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Masters 2022: Collin Morikawa sounds excited about his new approach to playing Augusta

April 04, 2022

JD Cuban

AUGUSTA, Ga. — It’s not quite accurate—or fair—to say that Collin Morikawa squandered his first two starts in the Masters Tournament. Call it a learning experience, which is not unusual for players previously uninitiated at Augusta National Golf Club. But in Morikawa’s case, his education was concentrated not in how to play the course but how not to play it.

Morikawa, just 25 and in his third pro season, certainly has proven to be a fast learner on major-championship layouts. He has a PGA Championship victory at Harding Park in San Francisco in 2020 and last year’s Open Championship triumph at Royal St. George’s among five PGA Tour wins to prove it. But it took eight frustrating rounds to inform him of the error of his ways in the Masters, where he finished T-44 in his debut in the fall of 2020 and T-18 last April.

In his words, he needed to stop engaging in self-induced “uncomfortable” feelings from hole to hole. He needed to stop trying to be a different golfer than the one who had found almost immediate success on tour.

“I need to play my game,” he said rather simply during his Monday press conference at Augusta National. “You hear how much you need to hit draws, and you have to hit it high and you have to do certain things. But that's what I did wrong the past two years. Pretty much my week prep two years ago and last year was, ‘How do I hit a draw? How do I hit a high draw. How do I do this?’

“This year was a little different. This year, I just made sure everything was finely tuned and I go out there and figure out how to play the course to my strengths. And that's the biggest thing that I've learned, I think, overall.”

Morikawa, who has six top-10 finishes in seven starts during the 2021-22 season, came to this epiphany after realizing how many shots he had squandered thus far at Augusta. He is not comfortable hitting a draw. He plays a fade—and effectively, too. He has yet to be in contention in the Masters, he said, because of poor shot selection.

“In a small package, it's just really hitting cuts and hitting fairways,” he said of the core attributes of his game. “That's as simple as it gets. Those are my strengths. Irons are my strength. How do I stick to that? … When you're over a shot and you want to hit a fairway, and I can play it to my strength, why not?”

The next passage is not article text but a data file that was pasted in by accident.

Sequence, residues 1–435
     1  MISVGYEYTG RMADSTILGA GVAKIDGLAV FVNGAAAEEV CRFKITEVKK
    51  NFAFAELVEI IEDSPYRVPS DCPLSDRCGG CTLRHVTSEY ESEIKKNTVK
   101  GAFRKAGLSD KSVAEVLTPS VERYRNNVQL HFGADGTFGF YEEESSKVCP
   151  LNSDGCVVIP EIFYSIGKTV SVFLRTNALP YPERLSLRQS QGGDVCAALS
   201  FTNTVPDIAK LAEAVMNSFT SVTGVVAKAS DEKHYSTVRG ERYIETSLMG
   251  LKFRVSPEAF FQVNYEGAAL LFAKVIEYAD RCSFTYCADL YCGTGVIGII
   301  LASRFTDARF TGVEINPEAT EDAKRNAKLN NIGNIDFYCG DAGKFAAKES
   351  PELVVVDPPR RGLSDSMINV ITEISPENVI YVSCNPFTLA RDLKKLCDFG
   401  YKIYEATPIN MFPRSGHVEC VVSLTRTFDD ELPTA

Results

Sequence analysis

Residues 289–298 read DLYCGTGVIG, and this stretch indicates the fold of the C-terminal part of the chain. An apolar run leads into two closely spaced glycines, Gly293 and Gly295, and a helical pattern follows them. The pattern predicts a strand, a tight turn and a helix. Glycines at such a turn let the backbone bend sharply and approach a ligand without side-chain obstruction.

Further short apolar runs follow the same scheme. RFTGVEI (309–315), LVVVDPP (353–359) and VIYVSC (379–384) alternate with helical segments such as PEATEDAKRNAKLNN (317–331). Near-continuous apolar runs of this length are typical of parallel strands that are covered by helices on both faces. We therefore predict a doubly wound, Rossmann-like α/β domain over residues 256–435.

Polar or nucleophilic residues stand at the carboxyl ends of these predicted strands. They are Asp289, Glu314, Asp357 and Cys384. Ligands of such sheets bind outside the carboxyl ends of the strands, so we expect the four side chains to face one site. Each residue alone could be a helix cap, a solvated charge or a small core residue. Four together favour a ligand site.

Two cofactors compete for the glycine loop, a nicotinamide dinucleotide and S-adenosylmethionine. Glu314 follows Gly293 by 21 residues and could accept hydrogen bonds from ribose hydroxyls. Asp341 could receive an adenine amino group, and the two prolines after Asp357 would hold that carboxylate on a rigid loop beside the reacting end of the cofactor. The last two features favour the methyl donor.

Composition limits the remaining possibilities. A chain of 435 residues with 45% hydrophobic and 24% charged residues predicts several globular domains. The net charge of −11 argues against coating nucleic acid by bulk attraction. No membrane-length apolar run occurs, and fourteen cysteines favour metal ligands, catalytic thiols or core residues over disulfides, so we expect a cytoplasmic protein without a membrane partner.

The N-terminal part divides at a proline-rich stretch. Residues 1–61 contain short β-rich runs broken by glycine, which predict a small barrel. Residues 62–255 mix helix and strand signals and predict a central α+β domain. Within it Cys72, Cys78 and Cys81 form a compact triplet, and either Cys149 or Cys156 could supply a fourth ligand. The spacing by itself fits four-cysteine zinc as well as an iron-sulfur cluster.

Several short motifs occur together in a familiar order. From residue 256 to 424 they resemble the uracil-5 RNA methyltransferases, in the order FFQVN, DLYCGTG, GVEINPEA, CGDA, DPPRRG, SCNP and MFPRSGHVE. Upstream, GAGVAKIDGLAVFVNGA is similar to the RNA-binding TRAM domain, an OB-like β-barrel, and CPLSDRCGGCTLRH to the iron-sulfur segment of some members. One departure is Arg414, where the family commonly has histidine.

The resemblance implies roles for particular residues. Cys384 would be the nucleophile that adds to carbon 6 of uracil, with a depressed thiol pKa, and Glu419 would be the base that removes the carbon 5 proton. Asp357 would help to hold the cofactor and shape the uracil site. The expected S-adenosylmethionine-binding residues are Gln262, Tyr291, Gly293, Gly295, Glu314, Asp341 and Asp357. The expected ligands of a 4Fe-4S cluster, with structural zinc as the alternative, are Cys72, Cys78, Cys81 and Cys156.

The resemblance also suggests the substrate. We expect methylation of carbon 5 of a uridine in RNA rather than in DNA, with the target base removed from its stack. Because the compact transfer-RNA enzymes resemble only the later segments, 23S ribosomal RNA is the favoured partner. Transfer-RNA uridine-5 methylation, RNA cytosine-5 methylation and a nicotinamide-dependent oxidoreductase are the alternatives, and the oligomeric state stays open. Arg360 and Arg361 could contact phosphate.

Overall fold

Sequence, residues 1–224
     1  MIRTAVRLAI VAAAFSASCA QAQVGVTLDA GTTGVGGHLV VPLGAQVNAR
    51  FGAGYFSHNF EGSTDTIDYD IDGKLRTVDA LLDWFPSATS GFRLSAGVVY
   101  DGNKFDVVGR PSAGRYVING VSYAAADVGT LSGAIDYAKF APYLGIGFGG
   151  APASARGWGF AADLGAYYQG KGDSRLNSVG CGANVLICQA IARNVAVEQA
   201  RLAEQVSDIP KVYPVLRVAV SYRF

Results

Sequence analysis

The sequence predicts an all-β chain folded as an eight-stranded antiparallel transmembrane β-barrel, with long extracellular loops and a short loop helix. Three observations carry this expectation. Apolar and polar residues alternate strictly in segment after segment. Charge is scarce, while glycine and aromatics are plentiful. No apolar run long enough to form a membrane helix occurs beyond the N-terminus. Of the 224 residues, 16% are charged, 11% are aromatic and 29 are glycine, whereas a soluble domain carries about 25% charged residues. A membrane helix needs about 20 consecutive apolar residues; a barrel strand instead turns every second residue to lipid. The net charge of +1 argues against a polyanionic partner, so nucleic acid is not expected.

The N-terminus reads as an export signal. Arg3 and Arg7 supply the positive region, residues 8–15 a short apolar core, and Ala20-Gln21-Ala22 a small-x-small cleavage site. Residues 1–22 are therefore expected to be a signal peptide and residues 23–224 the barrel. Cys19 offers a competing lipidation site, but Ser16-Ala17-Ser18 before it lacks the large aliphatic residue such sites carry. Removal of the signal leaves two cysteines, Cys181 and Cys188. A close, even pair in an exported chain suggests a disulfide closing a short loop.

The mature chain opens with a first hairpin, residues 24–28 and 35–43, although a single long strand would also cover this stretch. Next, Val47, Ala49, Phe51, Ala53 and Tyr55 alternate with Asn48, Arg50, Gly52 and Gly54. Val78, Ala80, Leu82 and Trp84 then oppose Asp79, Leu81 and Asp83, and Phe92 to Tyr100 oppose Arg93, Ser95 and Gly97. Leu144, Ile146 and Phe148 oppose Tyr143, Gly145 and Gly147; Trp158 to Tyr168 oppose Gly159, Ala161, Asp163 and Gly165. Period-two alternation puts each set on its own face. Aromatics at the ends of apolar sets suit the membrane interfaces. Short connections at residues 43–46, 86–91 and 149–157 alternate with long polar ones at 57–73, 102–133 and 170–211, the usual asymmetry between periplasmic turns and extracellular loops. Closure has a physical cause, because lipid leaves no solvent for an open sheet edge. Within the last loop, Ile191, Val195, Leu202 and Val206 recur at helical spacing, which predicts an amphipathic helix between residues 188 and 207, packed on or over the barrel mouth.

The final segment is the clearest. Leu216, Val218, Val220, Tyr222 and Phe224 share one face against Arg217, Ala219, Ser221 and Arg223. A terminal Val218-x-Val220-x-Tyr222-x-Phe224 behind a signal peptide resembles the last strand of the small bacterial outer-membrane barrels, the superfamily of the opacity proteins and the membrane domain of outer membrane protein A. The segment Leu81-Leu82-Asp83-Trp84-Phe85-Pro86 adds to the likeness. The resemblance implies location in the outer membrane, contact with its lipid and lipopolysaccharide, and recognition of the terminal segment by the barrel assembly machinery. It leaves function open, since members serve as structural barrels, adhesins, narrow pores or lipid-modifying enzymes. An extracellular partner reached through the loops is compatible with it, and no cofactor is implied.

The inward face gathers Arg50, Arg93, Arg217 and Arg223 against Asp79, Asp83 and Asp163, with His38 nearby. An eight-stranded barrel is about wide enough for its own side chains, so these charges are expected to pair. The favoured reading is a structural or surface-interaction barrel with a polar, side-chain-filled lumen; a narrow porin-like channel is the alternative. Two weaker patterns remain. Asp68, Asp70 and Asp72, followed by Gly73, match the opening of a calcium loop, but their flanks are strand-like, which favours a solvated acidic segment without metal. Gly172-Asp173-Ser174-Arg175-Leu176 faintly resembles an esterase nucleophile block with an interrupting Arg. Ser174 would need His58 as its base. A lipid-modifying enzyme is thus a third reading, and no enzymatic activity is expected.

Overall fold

What’s ironic about Morikawa’s change in mindset is that he came to Augusta having heard about the kind of ball flight he would need here to succeed. And yet—here’s the irony—the youngster from California isn’t one to steep himself in golf history.

He’s a bit sheepish about his lack of knowledge about the game’s past. “History goes in one ear and comes out the other,” he admitted. During his practice round on Monday, his caddie, J.J. Jakovic, asked Morikawa on 18 if he wanted to try the putt that won Mark O’Meara the 1998 Masters. Morikawa had just spend time with O’Meara last week and considers him a friend. “I was like, ‘What putt?’ I had no clue which putt he had to win the Masters,” the reigning Open champion said.


Working with his caddie J.J. Jakovic on Monday, Morikawa is making sure to hit shots more suited to his own game.

JD Cuban

OK, so not everyone is Ben Crenshaw. But Morikawa’s interest in the game is, nonetheless, full throttle.

“Things just don't stick in my head,” he said with a wide smile. “Like, yeah, I don't know, it's not like I don't respect it. And don't take it the wrong way, like, I respect the sport fully. I just want to win. I want to be out here. I want to make history. … I just love playing the game. For me, history, it's something that I respect everything that has been in the past and I want to learn from those guys, I love seeing it.

“I don't know, maybe I have other things taking up space in my head.”

Things like figuring out what it will take to win this week. Things like making history.

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